Unfortunately, we have learned from hard experience that we cannot put our faith in a vague promise to restore public access to parkland after it is taken. Van Cortlandt Park has lost precious acreage to major infrastructure, including federal and state highways as well as the $3.4 billion Croton Filtration Plant, whose construction has prevented public usage by the public for 20 years. Needless to say, we are still waiting for the full restoration and community benefits promised to Van Cortlandt Park.  

Ironically, the losers in this proposition may be the 12 local cricket teams and other sports teams who call the Parade Ground their home fields. The New York City Cricket League and its President Godfrey Mitchell have learned the hard way that NYC government is on the side of the global league. There could well be a net loss of local cricket activity within Van Cortlandt Park in 2024 as a result of this project. Worse yet, displacing local cricket leagues to build a new stadium squanders a golden opportunity to hold satellite community development events on the existing Parade Ground pitches during the T20 tournament.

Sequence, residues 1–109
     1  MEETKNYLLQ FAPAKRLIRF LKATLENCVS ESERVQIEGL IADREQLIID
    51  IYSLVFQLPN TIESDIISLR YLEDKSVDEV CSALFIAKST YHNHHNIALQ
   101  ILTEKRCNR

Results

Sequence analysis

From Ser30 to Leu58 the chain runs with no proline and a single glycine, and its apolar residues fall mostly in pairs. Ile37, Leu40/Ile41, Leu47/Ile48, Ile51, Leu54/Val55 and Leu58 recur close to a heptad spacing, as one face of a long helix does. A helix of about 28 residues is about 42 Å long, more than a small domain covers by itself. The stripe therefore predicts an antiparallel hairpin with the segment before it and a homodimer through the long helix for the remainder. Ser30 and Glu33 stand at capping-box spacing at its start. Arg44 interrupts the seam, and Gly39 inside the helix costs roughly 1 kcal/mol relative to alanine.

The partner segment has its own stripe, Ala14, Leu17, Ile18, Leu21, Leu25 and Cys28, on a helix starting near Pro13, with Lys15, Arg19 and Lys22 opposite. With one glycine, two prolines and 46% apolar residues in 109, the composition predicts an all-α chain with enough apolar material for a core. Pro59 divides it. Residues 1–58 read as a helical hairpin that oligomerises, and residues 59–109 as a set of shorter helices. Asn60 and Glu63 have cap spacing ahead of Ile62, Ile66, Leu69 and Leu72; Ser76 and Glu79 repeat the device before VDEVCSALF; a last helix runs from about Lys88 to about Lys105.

Is there sufficient time to build a stadium in a park? Not if you want to follow the law.

The proposed construction timeline for the 34,000-seat stadium and the timeline required for New York City and ICC to obtain and incorporate community feedback and to transparently advance the proposal through the lengthy legal and approvals processes required for a project of this magnitude simply do not jive. We would expect the mayor’s office to have given the ICC a full, fair and realistic appraisal of the timeline for these processes, which can take up to two years. But if ICC believes it can build a stadium within six six months perhaps, they may be headed into a cul-de-sac. With a six-month construction timeline, the exclusion of meaningful community engagement will be a matter of expediency.

Our open letter details five reasons why the proposal to build a 34,000-seat stadium in Van Cortlandt Park is a non-starter. We issued our letter in July and are still waiting to hear concrete next steps from city officials. If this proposal is to have credibility or legitimacy, it is long past time for the ICC and its government supporters to engage directly and publicly with the difficult issues that impede it. The people who signed our letter, who support our underfunded NYC Department of Parks staff and who take time from their jobs and family to make our park so beautiful deserve to be heard. 

Will the mayor’s office leverage their love and devotion for an agreement with a private party at their expense? It pains us to have to protect our public parkland from the decisions of our own government, but when we consider all that parks have given us, we are proud to be among their champions.

Robert Fanuzzi is the president of the Bronx Council for Environmental Quality.